I have several times used arrow pushing on these blogs. But since the rules for this convention appear to be largely informal, and there appears to be no definitive statement of them, I thought I would try to produce this for our students. This effort is here shared on my blog. It is what I refer to as the standard version; an advanced version is in preparation. Such formality might come as a surprise to some; arrow-pushing is often regarded as far too approximate to succumb to any definition, although it is of course often examined.
Mercury (IV) tetrafluoride attracted much interest when it was reported in 2007 as the first instance of the metal being induced to act as a proper transition element (utilising d-electrons for bonding) rather than a post-transition main group metal (utilising just s-electrons) for which the HgF2 dihalide would be more normal (“Is mercury now a transition element?”). Perhaps this is the modern equivalent of transmutation! Well, now we have new speculation about how to induce the same sort of behaviour for caesium; might it form CsF3 (at high pressures) rather than the CsF we would be more familiar with. Here I report some further calculations inspired by this report.
- X. Wang, L. Andrews, S. Riedel, and M. Kaupp, "Mercury Is a Transition Metal: The First Experimental Evidence for HgF4", Angewandte Chemie International Edition, vol. 46, pp. 8371-8375, 2007. http://dx.doi.org/10.1002/anie.200703710
- W.B. Jensen, "Is Mercury Now a Transition Element?", Journal of Chemical Education, vol. 85, pp. 1182, 2008. http://dx.doi.org/10.1021/ed085p1182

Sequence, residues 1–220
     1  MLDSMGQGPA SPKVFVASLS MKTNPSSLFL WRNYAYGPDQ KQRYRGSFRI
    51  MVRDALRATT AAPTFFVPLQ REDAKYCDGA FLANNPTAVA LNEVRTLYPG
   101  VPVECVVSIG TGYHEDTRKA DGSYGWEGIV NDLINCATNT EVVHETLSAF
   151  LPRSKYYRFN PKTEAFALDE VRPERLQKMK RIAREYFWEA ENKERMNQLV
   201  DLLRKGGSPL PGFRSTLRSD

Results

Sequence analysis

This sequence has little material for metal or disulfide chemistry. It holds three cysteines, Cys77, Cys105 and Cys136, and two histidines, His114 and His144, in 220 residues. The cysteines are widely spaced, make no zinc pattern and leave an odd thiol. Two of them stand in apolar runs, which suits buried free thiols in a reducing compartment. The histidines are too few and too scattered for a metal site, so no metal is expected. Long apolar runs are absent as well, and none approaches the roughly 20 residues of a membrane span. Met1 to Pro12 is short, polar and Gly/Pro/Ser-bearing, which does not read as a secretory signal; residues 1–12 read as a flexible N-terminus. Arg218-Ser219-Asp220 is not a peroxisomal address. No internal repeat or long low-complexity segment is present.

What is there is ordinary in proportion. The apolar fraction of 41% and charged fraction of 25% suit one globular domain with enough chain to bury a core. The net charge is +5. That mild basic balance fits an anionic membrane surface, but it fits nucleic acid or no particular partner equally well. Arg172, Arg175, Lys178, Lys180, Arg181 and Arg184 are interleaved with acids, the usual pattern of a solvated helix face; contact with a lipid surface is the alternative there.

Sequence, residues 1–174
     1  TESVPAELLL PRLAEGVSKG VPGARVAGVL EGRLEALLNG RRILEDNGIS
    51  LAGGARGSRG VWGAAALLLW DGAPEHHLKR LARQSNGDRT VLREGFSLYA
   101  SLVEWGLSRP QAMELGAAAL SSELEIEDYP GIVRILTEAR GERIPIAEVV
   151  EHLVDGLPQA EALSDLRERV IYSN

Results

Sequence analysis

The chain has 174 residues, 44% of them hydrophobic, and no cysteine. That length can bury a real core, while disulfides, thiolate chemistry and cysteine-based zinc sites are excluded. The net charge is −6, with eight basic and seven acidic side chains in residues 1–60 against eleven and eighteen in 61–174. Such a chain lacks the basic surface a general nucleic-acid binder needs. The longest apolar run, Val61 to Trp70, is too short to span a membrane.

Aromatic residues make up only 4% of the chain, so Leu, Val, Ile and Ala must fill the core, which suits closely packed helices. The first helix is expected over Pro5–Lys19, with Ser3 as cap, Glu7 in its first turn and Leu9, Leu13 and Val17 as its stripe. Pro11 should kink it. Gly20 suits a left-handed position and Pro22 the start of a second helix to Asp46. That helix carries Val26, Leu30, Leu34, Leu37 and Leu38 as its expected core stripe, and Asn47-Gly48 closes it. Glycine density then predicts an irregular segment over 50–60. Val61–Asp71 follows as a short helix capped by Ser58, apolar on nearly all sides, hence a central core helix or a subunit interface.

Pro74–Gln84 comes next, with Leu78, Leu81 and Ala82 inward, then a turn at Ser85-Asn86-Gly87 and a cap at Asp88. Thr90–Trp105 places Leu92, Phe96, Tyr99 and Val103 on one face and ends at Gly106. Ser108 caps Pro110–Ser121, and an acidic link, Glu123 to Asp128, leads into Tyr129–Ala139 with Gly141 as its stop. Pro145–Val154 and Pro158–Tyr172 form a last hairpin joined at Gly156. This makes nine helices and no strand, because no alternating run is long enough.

- M. Miao, "Caesium in high oxidation states and as a p-block element", Nature Chemistry, vol. 5, pp. 846-852, 2013. http://dx.doi.org/10.1038/nchem.1754
Not long ago, I described a cyclic carbene in which elevating the carbene lone pair into a π-system transformed it from a formally 4n-antiaromatic π-cycle into a 4n+2 aromatic π-cycle. From an entirely different area of chemistry, another example of this behaviour emerges; Schreiner’s trapping and reactions of t-butyl-hydroxycarbene, as described on Steve Bachrach’s blog. A point I often make is that chemistry is all about connections, and so here I will discuss such a connection.
- D. Ley, D. Gerbig, and P.R. Schreiner, "Tunneling control of chemical reactions: C–H insertion versus H-tunneling in tert-butylhydroxycarbene", Chemical Science, vol. 4, pp. 677, 2013. http://dx.doi.org/10.1039/c2sc21555a
The following is a short question in a problem sheet associated with introductory organic chemistry.
The concept of kinetic vs thermodynamic control of a reaction is often taught in the context of the enolisation of e.g. 1-methylcyclohexanone as induced by a base. The story goes that at low temperatures (-78°C), the rate of the sterically more hindered thermodynamic enolisation does not compete with the faster kinetic product but that at higher temperatures when an equilibrium is possible, the thermodynamically more stable tetrasubstituted enol is formed. I set out to see if this result can be modelled.
The element silicon best represents the digital era of the mid 20th century to the present; without its crystalline form, there would be no computers (or this blog). Although it was first prepared in pure amorphous (powder) form around 1823 by Berzelius, it was not until 1854 that Henri Sainte-Claire Deville made it in crystalline form, using metallic aluminium to isolate it. He described it  as having a “metallic luster”.
- "The discovery of the elements. XII. Other elements isolated with the aid of potassium and sodium: Beryllium, boron, silicon, and aluminum", 1932. http://doi.org/10.1021/ed009p1386
Homoaromaticity is a special case of aromaticity in which π-conjugation is interrupted by a single sp3 hybridized carbon atom (it is sometimes referred to as a suspended π-bond with no underlying σ-foundation). But consider the carbene shown below. This example comes from a recently published article which was highlighted on Steve Bachrach’s blog. Here aromaticity has resulted from a slightly different phenomenon, whereby a 4π-electron planar (and hence nominally anti-aromatic) molecule is elevated to aromatic peerage by promoting the two carbene σ-electrons to have π-status.
- B. Chen, A.Y. Rogachev, D.A. Hrovat, R. Hoffmann, and W.T. Borden, " How to Make the σ 0 π 2 Singlet the Ground State of Carbenes ", Journal of the American Chemical Society, vol. 135, pp. 13954-13964, 2013. http://dx.doi.org/10.1021/ja407116e